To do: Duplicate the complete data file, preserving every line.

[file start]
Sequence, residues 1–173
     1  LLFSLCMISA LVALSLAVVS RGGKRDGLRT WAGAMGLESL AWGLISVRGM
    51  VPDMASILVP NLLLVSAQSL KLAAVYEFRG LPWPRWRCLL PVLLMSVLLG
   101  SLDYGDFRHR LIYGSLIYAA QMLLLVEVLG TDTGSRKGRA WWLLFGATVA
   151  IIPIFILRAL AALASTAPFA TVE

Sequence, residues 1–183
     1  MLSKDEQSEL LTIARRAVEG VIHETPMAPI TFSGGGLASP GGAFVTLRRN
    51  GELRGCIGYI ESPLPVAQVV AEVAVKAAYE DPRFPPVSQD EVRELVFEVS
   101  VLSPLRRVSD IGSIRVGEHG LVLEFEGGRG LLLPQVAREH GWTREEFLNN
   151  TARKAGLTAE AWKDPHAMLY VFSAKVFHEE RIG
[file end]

Sequence, residues 1–173
     1  LLFSLCMISA LVALSLAVVS RGGKRDGLRT WAGAMGLESL AWGLISVRGM
    51  VPDMASILVP NLLLVSAQSL KLAAVYEFRG LPWPRWRCLL PVLLMSVLLG
   101  SLDYGDFRHR LIYGSLIYAA QMLLLVEVLG TDTGSRKGRA WWLLFGATVA
   151  IIPIFILRAL AALASTAPFA TVE

Sequence, residues 1–183
     1  MLSKDEQSEL LTIARRAVEG VIHETPMAPI TFSGGGLASP GGAFVTLRRN
    51  GELRGCIGYI ESPLPVAQVV AEVAVKAAYE DPRFPPVSQD EVRELVFEVS
   101  VLSPLRRVSD IGSIRVGEHG LVLEFEGGRG LLLPQVAREH GWTREEFLNN
   151  TARKAGLTAE AWKDPHAMLY VFSAKVFHEE RIG